You don’t need a good credit rating to be accepted for a ClearCash card, however we know it can be important for other financial products, so here are some top tops which could help your credit score.
Here at ClearCash, we don’t discriminate against those with a poor credit rating. We don’t carry out a credit check and our Prepaid MasterCard card is accessible to almost anybody – providing they are 18 or over and have a UK address.
We do, however, understand the detrimental effects of having a poor credit rating, such as being unable to get a loan or a mortgage. To help those of you out there who want to improve your credit rating, here are some top tips which could see you back on the right track.
- The electoral roll
The electoral roll is used for much more than just ensuring you get to vote in elections, it’s also a vital tool many companies use to verify identity. So make sure you’re on there and make sure they have your most recent address.
Had a CCJ in the past which has now been settled? Check that the settlement has been updated on your credit file as otherwise it will stay on your record for six years.
As with CCJs, defaults will also stay on your credit file for six years. However you can submit a notice of correction to explain the circumstances, for example a period of unemployment.
- Too many applications?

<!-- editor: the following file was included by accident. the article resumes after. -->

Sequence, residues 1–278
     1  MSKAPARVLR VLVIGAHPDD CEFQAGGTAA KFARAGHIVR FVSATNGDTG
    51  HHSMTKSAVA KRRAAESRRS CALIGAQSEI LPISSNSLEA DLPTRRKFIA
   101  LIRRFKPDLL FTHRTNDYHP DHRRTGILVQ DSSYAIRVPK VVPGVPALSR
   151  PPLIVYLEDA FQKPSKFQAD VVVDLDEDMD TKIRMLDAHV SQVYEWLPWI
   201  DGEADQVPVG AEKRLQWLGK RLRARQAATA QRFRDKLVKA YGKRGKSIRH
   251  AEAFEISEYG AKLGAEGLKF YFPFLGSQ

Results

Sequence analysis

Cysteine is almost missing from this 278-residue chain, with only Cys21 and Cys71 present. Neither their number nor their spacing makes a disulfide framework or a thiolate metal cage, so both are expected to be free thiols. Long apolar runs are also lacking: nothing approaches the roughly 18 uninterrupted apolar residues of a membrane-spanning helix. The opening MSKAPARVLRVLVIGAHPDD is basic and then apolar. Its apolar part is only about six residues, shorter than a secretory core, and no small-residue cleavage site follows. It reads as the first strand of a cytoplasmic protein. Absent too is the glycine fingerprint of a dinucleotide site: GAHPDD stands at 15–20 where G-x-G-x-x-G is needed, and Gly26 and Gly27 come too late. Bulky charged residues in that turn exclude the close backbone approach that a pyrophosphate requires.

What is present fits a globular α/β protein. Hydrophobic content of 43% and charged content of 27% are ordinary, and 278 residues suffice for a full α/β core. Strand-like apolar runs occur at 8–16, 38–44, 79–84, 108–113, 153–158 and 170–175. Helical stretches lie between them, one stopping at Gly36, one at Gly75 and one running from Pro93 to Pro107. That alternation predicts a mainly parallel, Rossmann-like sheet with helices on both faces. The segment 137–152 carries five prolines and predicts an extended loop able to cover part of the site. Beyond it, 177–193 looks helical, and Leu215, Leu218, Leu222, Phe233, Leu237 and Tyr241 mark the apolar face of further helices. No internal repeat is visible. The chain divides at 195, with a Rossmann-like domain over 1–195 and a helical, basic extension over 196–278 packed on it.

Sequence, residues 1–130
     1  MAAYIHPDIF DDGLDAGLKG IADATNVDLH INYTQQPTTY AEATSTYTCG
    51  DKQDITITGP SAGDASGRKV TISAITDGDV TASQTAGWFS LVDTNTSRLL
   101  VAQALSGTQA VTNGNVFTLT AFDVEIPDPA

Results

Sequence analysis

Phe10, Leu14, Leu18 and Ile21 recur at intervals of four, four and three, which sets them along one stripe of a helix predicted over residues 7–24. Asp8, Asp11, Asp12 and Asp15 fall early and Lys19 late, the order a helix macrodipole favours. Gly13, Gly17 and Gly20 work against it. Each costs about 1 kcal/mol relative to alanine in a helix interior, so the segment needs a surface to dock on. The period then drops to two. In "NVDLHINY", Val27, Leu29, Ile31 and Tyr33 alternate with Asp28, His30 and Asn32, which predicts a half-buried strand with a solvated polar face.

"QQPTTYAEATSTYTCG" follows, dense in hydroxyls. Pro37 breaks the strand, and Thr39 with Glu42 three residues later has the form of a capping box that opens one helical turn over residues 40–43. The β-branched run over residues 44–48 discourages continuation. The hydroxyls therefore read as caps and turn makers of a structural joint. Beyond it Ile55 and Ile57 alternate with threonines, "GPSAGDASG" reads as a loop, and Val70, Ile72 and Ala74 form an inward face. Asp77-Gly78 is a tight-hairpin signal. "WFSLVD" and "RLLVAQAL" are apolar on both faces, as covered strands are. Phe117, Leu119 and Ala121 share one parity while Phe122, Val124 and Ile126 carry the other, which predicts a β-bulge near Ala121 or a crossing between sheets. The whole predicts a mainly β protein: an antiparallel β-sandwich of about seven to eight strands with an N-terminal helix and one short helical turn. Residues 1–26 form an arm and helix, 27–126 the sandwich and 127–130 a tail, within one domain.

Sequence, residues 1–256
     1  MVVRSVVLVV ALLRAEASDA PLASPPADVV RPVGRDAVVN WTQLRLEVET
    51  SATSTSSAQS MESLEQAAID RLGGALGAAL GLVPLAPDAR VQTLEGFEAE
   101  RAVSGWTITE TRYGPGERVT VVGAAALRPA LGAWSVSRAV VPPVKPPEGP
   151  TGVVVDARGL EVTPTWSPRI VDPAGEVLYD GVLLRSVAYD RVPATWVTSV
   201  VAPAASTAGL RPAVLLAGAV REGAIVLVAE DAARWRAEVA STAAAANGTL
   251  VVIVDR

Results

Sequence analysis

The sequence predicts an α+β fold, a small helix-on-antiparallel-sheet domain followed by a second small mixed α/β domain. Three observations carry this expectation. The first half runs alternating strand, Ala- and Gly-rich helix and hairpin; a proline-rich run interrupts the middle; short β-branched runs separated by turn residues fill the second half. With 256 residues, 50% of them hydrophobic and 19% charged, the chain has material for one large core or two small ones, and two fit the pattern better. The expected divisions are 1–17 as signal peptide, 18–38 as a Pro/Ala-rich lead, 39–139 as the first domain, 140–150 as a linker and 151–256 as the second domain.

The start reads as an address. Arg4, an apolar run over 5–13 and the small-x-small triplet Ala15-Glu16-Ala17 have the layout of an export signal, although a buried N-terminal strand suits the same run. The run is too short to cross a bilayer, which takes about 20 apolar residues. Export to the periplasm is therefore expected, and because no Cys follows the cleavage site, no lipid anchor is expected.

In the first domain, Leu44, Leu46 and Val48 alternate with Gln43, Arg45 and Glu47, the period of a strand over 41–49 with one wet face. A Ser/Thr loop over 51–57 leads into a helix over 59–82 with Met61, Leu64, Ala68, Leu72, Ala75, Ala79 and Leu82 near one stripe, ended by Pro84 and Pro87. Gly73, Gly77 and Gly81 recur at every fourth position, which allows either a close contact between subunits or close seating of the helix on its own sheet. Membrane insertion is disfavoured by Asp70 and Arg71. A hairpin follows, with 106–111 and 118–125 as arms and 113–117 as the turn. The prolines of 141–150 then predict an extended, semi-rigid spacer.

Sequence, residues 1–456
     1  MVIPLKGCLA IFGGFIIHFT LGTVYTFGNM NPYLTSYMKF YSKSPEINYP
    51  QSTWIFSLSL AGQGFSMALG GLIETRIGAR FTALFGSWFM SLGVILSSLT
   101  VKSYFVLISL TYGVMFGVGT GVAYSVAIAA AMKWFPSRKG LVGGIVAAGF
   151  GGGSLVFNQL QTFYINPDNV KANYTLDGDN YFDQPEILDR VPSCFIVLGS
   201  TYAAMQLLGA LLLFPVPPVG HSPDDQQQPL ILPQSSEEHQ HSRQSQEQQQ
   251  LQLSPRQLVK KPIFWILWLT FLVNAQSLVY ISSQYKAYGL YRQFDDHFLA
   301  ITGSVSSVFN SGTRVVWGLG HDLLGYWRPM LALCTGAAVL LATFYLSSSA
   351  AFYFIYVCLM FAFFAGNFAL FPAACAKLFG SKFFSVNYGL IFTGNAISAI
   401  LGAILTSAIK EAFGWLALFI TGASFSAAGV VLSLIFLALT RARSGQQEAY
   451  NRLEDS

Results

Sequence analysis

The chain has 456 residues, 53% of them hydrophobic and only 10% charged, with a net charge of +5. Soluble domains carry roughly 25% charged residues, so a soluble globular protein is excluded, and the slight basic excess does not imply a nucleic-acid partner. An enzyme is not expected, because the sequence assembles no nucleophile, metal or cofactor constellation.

When it comes to applying for credit, making too many applications can stand against you. Each credit application leaves a “footprint” on your credit file and making a lot of applications in a short space of time can make it look as though you are overstretching yourself financially. If you have been refused credit, before making another application, it’s worth finding out why.
- Paying on time
Set up direct debits or standing orders for any repayments to ensure your payments are made on time.
- Old bank accounts
Having a dormant bank account which you never quite got round to closing could potentially look bad on your credit file. Financial companies take into account the total amount of credit available to you, so an old un-used account could still count as a potential credit source. This could make you look more financially burdened than you really are.